• Parents increasingly want us to be able to process payments electronically, which is more convenient for them, but we are still charged the 1% transfer fees or the up to 10% credit card processing fees, which we are unable to make up down the road in volume, the way other high transaction small businesses often can. Other electronic business tools range from costing $15-65 a month, which adds up quickly in a solo practice, but are becoming necessities in some markets to stay competitive and keep doulas from burning out on non-billable hour work.

  • Office insurance plans, paid time off, sick leave, paid vacation, family leave…none of those things exist for doulas. If we miss a client visit, we miss upwards of $500. This is why I stress to the doulas I work with on contract writing having some system of rescheduling and illness clauses that don’t leave them super vulnerable. The reality is, though, a few times a year there will be a situation that arises that takes money out of the pocket of the doula that can’t be made up. Keeping doula rates to a livable amount ensures this work can remain as an available and accessible option at all. And it can be seen as a two-way street where the high rates can keep a doula accountable to their clients out of respect for the transactional nature of this beautiful and important work.

Doulas require continuing education:

  • Most parents are concerned about our credentials. Not only is it expensive to get and keep up with our certifications, most families are looking for doulas who are constantly continuing their business education. These classes aren’t cheap. There are workshops starting at around $35 for a one-day session and they go up to $5,000 for courses offering a specific credential. This can often cause a catch-22 situation where it’s not always the “best” doulas (or the “best” doula FOR YOU) who is able to advance herself and her business, but rather the ones that can afford it and will thus generate more business and be able to get more clients.

  • Doulas often gather in collectives to help learn from one another and support one another. This takes up an extraordinary amount of time. Like it or not, time is money. We’re not paid hourly for the work we do outside of our interactions with clients and we’re not on a salary. Same for the amount of time we spend reading research articles, books, blogs, and discussing / debating this information with one another. If our collectives don't put money aside for subscriptions to various journals (and most can't afford to do it), those become out of pocket expenses, too.

What are parents getting out off all those behind-the-scenes expenses anyway:

  • Doulas make themselves available for parents in a way most other traditional care providers can or will not do. They cater their business to their birth / postpartum experience. They are often the only ones there specifically for these families and not for some outside agenda of profit, public health number, political pressures, hubris, generational opinions, etc.

  • Too few parents understand how alone they will be in the postpartum period. There is an increased awareness about postpartum depression (luckily), but there is very little education and support around the non-pathological changes in the early parenting period. Ditto to the manifestations of postpartum depression that don’t look like sadness — like the prevalence of postpartum OCD and anxiety that is often culturally dismissed as being “thoughtful” parents. Postpartum doulas are trained to recognize and support these mood fluctuations from the normal to the severe and to help families get the support they need. Doulas can then adapt and adjust care according to these changes unlike the many apps and gadgets meant to replace human guidance and interaction in health and parenting.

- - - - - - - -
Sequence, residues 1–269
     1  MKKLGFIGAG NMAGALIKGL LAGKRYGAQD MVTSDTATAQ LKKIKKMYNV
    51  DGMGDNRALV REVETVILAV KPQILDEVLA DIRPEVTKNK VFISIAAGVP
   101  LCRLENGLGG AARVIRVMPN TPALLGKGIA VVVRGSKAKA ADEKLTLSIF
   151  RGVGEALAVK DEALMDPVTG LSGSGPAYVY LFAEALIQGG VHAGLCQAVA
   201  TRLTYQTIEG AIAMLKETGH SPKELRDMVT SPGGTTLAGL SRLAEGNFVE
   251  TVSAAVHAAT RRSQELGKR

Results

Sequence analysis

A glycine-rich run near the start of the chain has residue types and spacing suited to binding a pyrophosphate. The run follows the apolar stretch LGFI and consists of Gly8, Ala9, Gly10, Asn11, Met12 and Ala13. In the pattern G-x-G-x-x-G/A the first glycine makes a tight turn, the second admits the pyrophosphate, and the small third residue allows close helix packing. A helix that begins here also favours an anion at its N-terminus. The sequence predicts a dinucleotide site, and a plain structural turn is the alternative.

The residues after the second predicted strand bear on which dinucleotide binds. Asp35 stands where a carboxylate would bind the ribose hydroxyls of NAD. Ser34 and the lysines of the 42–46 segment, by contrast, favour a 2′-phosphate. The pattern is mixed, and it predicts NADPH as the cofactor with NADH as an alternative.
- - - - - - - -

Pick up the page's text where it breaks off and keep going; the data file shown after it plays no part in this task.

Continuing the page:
• All that education and community building is what makes doulas the gurus in pregnancy and beyond. Attendance at childbirth education and parenting classes is steadily declining, unfortunately. It’s been shown that most parents are getting the bulk of their information on pregnancy, birth, and postpartum from books and increasingly from websites and social media. Where that might not seem terrible at the outset, but isolating that information doesn’t leave much room for personalization or nuance. Or conversely, there is often too much chatter in the comment sections without any particular vetting or emphasis on sourcing. Parenting books and websites are known hellscapes of opinion and bias, and often have less to do with research driven support than cultural trends and efforts to create a broad network of further brandable items. That’s in no way impossible to avoid in working with a postpartum doula, but there are ways of thoughtfully combatting the shallow and judgmental nature of those sources in working one-on-one with a doula who doesn’t have any incentive to push a particular system upon a family. That level of connection and trust takes time and effort to build, which can happen with a doula contract, but not with a book or blog.

  • Postpartum doulas come directly to parents, which has well researched and long lasting health benefits and offers a great deal more than a 15-min office appointment with a pediatric care provider. It’s also very draining on our end. There is a great deal of physical and emotional trauma present in birthing in the United States. Sometimes that comes from situations beyond anyone’s control, often, though, it is a symptom of our failing healthcare system. Many new parents fall through the cracks of our assembly-line style of care and it is not uncommon for parents to feel hurt and alone after birth, on top of the normal amount of healing, joy, and exhaustion. Postpartum doulas are there to listen, validate, and counsel parents in this position. It is a calling, and most doulas are happy to do it, but that does not mean that it doesn’t take away from our emotional and physical reserves. So $45 is a bargain compared to the cost of the psychologist couch we’re often keeping families from having to jump into or the expensive and overused treatments like surgical tongue snipping, pushing medications on infants for normal gastrointestinal changes, or unresearched supplements or dietary suggestions. There is a great deal of value in preventative and patient emotional care in this vulnerable time period.